Back in the late 19th century, the infamous Galician poverty forced the Austro-Hungarian establishment to resolve the already raging issue. Since the Monarchy recently took control over Bosnia and Herzegovina as a “new territory”, Bosnian deserted villages with their arable and fertile land seemed like a decent alternative for Polish-Galician deeply impoverished peasants.
Broadly speaking, the settlement of Poles, Ukrainians (Greek-Catholics), Czechs, Slovaks, and Italians throughout Bosnia had a political mission. Serbian Orthodox Christian peasants were making a majority of all peasants in Bosnia. Being under the influence of the Serbian national movement, they represented a source of a possible threat for the Monarchy. Hence, settling a loyal, mainly Catholic, peasant class was notably important to strengthen the state influence in the Bosnian countryside.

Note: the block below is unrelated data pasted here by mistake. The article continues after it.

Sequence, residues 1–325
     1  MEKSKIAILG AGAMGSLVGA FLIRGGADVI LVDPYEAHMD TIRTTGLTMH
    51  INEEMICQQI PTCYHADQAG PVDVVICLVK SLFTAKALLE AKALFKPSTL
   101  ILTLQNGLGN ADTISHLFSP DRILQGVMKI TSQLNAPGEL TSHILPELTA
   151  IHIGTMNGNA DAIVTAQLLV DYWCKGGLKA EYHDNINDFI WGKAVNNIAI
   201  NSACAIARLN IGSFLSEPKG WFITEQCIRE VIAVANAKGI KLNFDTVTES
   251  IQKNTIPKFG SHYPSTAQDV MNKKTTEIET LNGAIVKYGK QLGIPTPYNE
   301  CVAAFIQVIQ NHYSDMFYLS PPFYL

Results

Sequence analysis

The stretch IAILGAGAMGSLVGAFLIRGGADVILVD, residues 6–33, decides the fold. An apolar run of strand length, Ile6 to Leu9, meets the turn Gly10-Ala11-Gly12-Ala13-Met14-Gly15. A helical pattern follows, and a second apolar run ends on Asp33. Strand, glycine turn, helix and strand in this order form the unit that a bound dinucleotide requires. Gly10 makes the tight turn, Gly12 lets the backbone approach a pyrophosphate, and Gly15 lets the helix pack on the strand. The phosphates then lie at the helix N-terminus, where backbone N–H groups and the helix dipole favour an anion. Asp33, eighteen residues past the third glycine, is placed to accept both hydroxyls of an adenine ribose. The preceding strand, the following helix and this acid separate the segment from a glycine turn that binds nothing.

We trace the Polish presence as of 1892, mainly in the area of North Bosnia and specifically around the town of Prnjavor. Amongst the peasant class, a certain number of Polish settlers were officers, doctors, engineers, and lawyers. They introduced a new homeland to use of chemical fertilizers, which were unknown before, and contributed Bosnian agriculture with industrial crops and developed beekeeping as well.
Speaking in numbers, according to 1910. census, roughly 11 thousand Poles lived in Bosnia. 20 years afterwards, their population tripled to 30 thousand. Prnjavor district abounded with the Polish population, compared to some other places in North Bosnia where they also lived.